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Georg Cantor is famous for introducing transfinite numbers and set theory.

A main part of his mathematical point of view about this new type of "numbers" and this new "realm of mathematics" cannot be found in his official publications. Maybe one can find it in his unpublished manuscripts, papers and letters.

Question 1: Where are Georg Cantor's original manuscripts?

Question 2: Were some of these manuscripts lost during World War II and subsequent years?

Question 3: Are some of these manuscripts in museums or personal collections now?

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According to I. Grattan-Guinness, in Materials for the History of Mathematics in the Institut Mittag-Leffler, much of Cantor's archive disappeared from his house in Halle in 1945, at the end of the war. An important collection remains in the Institut Mittag-Leffler in Sweden, listed in Towards a Biography of Georg Cantor. They are not online, but you might contact their library for help.

It is in this collection that one "lost" manuscript of Cantor resurfaced in 1970.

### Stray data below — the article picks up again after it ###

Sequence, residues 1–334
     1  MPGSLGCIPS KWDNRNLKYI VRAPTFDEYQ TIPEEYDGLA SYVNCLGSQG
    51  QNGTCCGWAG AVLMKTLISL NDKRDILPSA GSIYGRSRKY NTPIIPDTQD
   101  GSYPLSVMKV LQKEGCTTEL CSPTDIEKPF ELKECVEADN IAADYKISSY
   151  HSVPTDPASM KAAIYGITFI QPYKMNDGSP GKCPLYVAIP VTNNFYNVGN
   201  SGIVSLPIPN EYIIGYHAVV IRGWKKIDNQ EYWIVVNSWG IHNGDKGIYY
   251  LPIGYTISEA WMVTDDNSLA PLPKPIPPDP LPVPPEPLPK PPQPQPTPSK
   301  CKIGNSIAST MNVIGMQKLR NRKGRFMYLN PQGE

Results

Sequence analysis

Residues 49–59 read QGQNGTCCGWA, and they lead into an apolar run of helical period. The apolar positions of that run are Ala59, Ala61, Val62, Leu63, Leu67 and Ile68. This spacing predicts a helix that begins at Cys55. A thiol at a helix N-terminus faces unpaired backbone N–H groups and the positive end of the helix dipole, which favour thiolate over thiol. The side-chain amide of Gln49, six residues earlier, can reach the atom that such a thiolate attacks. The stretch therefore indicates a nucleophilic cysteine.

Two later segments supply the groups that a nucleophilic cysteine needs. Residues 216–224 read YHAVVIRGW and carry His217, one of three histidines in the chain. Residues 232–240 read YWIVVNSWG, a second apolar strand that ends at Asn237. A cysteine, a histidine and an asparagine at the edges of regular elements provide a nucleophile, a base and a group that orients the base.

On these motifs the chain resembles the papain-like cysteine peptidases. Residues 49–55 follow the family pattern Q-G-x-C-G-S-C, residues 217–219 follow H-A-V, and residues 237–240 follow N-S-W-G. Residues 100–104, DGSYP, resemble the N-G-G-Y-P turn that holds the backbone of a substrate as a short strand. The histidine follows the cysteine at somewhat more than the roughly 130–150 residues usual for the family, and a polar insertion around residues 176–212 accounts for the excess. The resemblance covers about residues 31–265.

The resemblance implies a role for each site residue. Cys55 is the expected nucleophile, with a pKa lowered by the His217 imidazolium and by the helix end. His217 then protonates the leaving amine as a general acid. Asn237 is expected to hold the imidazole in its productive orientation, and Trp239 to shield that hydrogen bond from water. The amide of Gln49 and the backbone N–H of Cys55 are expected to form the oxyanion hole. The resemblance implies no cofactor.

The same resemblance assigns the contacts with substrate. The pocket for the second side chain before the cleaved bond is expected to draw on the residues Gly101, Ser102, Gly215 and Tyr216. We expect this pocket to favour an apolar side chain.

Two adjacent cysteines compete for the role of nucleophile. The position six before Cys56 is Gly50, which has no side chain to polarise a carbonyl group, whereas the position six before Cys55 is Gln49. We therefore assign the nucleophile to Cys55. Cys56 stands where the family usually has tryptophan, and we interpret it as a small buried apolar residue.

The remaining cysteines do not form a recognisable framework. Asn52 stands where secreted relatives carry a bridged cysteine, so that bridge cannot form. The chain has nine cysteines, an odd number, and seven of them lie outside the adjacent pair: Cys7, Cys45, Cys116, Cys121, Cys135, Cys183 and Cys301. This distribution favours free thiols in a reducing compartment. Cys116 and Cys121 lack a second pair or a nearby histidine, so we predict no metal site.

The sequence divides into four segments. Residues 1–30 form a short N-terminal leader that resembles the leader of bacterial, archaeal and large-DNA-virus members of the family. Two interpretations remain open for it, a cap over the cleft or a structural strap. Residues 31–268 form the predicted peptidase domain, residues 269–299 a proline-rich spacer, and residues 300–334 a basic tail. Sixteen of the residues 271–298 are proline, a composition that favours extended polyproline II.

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Really good answer! Thanks for the links! – Victor Jan 12 '14 at 12:56

Cantor's estate is now at the university library in Göttingen; you can find a list (PDF, in German) here. As far as I can see, these have not been digitized, but I didn't look very hard.

Due to the obvious interest to historians of mathematics, his writings have of course been edited; the list above contains references, mostly to

  1. Gesammelte Abhandlungen mathematischen und philosophischen Inhalts, edited by Ernst Zermelo, 1932 (link is to Springer's 2013 reprint),

  2. Briefe, edited by Herbert Meschkowski and Winfried Nilson, Springer 1991.

In particular, the exchange with Dedekind (which both works contain) might be of interest to you.

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